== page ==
The All-Poly Camp: Making a Difference

For years Alema Te'o, founder of All-Poly Sports, has funded the All-Poly Camp out of his own pocket. The camp has grown to become the top prep-camp in America. This year, the camp will make a stop in Hawaii to reach Polynesian kids that otherwise would not have been able to benefit from the football instruction and life lessons the camp provides.

While sitting in a statistics class, Alema Te'o's nephew Ephraim Te'o heard the surprising, yet disturbing, statistics presented by his professor. The father of two Division I athletes in Malosi (BYU) and Livai (Navy), Ephraim listened as the economic pecking order of America's ethnic groups were laid out before the classroom.

"Our professor was trying to get us to guess what ethnic groups made up the high, middle and lower social economic classes," said Ephraim. "After we all guessed which ethnic groups made up those classes, our professor then divided up the lower class into another three additional levels. It was sad to see that below Native Americans came the Polynesians as the lowest economic level.

"I chased him down after class and asked him where he got his information from, and he said, ‘I got it from the government census bureau.' It was then that I told him, ‘I will never become a statistic.' He said, ‘Good, because we need more Polynesians like you to move the Polynesians out of that social economic class.'"

Fast forwarding to the present, Ephraim now stands alongside his uncle Alema in organizing charity events and activities for that very purpose. Looking towards the youth, Alema decided to organize a camp of dual purpose, knowing full well that young Polynesians have a natural talent for football but often struggle in the classroom. Hence, the creation of the All-Poly Camp.

"We can do a whole lot of things to help the kids do better than their parents," said Ephraim. "When Alema and I talked about it we thought we could use the natural leadership qualities found in football to help raise the expectations and standards of the kids."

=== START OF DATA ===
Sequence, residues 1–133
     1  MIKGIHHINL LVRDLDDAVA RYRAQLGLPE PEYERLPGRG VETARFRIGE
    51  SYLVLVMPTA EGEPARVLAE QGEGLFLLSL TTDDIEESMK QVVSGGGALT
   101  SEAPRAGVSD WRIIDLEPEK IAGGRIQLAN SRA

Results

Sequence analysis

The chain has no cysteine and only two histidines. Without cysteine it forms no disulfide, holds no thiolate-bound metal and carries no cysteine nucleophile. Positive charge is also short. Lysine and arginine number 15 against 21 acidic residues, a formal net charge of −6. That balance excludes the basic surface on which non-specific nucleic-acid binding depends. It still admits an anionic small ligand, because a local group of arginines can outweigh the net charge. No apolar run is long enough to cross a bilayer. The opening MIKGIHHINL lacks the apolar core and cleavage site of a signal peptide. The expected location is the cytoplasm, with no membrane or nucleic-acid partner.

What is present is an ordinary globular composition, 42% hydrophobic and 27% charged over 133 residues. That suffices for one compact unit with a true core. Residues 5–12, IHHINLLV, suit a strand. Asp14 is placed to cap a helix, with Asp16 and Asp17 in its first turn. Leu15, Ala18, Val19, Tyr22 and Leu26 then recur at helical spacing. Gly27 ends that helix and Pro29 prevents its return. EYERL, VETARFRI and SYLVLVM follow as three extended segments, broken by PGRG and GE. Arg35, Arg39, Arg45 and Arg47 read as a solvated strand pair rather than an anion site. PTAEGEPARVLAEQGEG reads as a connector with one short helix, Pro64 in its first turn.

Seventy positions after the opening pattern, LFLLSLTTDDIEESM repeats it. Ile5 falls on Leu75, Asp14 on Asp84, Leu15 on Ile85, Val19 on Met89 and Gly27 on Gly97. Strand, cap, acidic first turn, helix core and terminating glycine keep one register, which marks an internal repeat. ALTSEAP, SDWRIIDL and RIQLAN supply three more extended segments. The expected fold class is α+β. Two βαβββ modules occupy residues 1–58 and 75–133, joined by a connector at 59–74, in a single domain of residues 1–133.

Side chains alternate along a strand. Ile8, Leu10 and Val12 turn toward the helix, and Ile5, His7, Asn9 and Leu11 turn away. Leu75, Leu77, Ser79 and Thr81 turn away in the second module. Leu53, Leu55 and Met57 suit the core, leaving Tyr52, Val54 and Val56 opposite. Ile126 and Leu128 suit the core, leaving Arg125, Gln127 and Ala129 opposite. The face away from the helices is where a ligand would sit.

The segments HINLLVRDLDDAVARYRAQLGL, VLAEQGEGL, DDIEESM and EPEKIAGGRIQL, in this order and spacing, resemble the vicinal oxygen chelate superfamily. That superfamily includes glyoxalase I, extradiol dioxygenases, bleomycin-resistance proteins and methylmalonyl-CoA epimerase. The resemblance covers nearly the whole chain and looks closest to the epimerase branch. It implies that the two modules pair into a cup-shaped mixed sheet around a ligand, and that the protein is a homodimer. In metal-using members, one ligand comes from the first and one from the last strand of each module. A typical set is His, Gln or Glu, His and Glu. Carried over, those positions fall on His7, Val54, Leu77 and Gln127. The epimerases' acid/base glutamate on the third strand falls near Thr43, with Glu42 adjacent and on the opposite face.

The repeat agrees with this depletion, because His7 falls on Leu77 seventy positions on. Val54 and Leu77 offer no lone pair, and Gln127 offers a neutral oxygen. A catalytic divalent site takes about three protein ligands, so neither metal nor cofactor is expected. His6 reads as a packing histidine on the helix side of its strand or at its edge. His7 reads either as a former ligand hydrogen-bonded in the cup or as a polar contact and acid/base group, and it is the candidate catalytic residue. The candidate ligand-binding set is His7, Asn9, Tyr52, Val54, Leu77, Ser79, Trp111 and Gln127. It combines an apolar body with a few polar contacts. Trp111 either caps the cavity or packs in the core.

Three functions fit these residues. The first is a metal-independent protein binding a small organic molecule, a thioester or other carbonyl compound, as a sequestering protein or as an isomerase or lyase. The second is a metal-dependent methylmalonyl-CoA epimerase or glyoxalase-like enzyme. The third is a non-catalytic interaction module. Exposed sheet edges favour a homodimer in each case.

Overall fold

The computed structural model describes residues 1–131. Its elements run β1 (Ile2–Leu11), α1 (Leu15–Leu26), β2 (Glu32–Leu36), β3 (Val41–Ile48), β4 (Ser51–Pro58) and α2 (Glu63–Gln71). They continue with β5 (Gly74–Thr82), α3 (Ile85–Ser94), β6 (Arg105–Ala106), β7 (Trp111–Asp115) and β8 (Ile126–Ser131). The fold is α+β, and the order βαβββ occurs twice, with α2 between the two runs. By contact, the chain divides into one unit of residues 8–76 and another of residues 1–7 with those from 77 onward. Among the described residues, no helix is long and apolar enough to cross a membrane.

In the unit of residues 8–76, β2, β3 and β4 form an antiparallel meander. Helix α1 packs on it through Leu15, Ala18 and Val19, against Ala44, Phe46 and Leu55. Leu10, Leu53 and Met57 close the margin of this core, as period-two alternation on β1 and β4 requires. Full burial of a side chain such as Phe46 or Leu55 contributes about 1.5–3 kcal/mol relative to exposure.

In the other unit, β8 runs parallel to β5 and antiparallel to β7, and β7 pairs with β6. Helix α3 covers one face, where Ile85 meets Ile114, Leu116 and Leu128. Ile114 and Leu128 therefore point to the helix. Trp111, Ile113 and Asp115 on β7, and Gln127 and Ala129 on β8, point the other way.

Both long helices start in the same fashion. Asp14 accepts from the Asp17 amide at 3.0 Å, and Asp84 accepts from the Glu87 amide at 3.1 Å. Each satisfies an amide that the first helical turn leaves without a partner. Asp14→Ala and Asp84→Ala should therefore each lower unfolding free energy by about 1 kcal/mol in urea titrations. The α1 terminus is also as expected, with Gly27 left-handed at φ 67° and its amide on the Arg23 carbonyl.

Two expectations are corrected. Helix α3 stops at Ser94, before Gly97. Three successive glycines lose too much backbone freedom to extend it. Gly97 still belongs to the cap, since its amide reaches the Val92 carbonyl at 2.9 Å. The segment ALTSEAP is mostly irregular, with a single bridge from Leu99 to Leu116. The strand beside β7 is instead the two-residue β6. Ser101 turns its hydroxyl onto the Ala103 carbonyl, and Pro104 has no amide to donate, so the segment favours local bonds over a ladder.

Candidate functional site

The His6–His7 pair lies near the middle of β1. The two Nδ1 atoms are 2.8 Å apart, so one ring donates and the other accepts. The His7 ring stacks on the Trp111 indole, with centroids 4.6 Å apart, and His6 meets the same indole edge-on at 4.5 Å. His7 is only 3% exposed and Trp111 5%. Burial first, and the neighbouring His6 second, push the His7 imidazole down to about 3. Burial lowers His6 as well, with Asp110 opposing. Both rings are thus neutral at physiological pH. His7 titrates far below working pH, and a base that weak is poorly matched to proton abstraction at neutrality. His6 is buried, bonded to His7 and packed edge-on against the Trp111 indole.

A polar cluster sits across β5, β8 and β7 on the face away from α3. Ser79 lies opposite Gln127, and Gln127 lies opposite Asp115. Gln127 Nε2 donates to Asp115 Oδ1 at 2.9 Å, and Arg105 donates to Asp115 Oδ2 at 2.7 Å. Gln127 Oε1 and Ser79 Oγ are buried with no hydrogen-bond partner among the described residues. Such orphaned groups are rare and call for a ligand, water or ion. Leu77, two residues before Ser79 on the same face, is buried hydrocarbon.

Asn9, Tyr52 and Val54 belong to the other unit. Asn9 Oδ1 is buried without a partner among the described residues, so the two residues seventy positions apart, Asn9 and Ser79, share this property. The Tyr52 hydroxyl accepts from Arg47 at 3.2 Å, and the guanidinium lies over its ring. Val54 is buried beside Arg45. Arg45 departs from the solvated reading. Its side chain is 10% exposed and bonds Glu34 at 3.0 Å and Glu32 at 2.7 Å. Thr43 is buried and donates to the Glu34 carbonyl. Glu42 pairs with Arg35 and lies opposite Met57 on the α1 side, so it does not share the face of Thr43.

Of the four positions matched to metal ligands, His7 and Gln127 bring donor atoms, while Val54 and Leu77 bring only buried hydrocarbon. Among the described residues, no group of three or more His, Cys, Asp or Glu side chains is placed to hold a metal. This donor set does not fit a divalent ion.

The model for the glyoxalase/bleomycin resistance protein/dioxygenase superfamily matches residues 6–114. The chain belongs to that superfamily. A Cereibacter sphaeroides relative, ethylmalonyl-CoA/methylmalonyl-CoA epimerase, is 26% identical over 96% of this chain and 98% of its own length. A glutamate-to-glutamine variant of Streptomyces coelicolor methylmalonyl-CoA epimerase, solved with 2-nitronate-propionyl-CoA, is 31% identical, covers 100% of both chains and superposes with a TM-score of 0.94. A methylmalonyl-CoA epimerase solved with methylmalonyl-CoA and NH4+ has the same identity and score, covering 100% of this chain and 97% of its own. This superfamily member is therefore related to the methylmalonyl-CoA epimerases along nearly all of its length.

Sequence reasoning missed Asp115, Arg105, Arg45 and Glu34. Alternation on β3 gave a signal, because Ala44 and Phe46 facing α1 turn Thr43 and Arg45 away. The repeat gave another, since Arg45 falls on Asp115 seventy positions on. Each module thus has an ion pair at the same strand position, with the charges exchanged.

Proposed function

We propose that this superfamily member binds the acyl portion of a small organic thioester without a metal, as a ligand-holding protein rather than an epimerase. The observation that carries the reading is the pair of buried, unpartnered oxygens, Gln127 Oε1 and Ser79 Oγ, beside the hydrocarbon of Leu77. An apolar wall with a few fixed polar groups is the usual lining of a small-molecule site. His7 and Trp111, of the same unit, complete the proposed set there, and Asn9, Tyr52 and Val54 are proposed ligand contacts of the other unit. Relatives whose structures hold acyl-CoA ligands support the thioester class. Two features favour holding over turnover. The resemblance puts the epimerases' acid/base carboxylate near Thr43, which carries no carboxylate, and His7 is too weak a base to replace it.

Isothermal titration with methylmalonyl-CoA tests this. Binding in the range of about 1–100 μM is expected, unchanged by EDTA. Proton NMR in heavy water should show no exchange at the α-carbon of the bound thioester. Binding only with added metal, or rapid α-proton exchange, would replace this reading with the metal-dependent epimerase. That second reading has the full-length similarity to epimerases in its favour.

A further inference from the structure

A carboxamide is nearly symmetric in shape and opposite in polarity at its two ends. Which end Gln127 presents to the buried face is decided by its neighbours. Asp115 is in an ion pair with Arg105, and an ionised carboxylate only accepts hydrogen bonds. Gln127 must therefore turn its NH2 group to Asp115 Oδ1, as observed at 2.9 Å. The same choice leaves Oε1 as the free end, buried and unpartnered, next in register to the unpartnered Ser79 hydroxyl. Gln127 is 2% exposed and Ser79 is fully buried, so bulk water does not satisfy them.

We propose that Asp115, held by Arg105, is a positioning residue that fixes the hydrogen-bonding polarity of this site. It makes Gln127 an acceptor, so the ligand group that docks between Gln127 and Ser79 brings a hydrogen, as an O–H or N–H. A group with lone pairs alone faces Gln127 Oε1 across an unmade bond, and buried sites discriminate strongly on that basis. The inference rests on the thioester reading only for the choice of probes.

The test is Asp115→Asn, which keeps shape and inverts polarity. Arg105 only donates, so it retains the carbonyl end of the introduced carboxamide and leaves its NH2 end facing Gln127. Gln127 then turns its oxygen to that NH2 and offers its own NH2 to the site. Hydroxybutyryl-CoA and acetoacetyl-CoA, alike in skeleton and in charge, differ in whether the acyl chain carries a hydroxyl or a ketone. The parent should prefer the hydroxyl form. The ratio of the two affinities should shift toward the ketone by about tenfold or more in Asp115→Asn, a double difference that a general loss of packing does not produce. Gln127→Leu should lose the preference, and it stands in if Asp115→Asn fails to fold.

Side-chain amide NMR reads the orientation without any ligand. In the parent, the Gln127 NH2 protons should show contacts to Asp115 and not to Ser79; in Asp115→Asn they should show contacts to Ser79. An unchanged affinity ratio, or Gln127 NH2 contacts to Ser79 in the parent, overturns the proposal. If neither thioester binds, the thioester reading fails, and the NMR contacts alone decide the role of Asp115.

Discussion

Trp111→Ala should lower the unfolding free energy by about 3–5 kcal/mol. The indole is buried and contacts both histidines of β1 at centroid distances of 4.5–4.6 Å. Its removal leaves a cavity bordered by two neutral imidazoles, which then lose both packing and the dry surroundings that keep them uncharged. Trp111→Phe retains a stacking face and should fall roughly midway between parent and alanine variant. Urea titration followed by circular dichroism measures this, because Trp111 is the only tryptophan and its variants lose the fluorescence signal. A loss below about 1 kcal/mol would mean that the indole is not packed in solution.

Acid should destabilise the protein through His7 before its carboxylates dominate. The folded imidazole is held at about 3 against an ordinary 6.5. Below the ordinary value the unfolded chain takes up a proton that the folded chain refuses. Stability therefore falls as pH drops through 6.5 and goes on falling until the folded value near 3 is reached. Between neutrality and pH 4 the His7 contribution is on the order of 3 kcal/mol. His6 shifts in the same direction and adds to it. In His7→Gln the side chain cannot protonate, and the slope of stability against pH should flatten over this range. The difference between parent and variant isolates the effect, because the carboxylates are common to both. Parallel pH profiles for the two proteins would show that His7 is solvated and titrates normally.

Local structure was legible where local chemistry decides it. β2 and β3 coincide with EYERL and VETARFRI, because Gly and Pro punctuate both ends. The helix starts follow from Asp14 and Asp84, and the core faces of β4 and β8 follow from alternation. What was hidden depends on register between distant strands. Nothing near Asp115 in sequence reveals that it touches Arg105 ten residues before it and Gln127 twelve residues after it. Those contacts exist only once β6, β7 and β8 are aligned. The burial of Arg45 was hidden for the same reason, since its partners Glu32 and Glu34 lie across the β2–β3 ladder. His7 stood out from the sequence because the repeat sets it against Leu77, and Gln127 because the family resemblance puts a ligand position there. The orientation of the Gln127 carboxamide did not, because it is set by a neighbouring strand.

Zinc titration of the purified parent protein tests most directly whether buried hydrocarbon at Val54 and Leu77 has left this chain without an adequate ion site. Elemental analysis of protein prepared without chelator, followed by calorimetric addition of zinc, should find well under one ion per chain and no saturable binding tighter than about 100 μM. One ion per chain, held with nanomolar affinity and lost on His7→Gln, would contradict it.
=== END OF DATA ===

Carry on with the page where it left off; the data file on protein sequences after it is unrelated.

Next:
The purpose was simple. First, the camp would help educate young football players on the importance of acquiring good grades. It is mandatory standard that all camp participants must be registered for the academic workshops designed to emphasize the importance of good grades. Camp participants are taught about the ACTs, SATs and Clearinghouse, which tracks students' academic records to ensure conformity with the NCAA rules.

Second, traveling around the country in an effort to showcase one's talents and having to pay camp fees is very costly. Alema would solve this problem by organizing a camp that not only helps develop a young athlete's talent, but also includes coaches from many different schools. Thus, the All-Poly Camp provides more visibility and exposure all under one umbrella and reduces the need to travel to many different camps.

Last year, athletes from Leone High School in Samoa finally raised enough money over a two-year period to attend the All-Poly Camp in Utah. Upon request from native Hawaiians, Alema will pack up his staff and take the All-Poly Camp to Hawaii from June 29 to July 1. There, local athletes won't be burdened with the large cost of airfare, lodging and meals in an effort to take advantage of what the camp has to offer.

Despite the cost, Alema has refused to increase the registration fee for Hawaiian kids, knowing full well how economically burdened families are on the island state.

"Already, the cost of living in the Hawaiian Islands is truly at an expense," Alema said. "Many local kids could even barely afford the $175 registration fee. I don't intend to increase or raise the fee."

"The fees the kids pay isn't what it costs to run the camp," said Ephraim. "We often subsidize their camp fees or provide them with a camp fee scholarship if they can't afford to attend. Our target has always been to help these kids because they simply can't afford to attend such camps in an effort to better themselves. That has and will always … be our goal."

By bring the All-Poly Camp to Hawaii, Alema Te'o will reaching out to hundreds of Polynesians looking to gain instruction in academic workshops, on-field football training and the top college exposure they've longed for.

For years the Te'o family has paid for all camp expenses out of their own pocket. Those that wish to get involved with the effort can make a difference by making a donation. Please visit the All-Poly Camp website at Every donation goes entirely towards helping to drive down any camp expenses for the benefit of these young athletes.

Making a Difference Video

Go here to watch a video by in which a few camp participants share how their lives have been positively affected by their All-Poly Camp experience.

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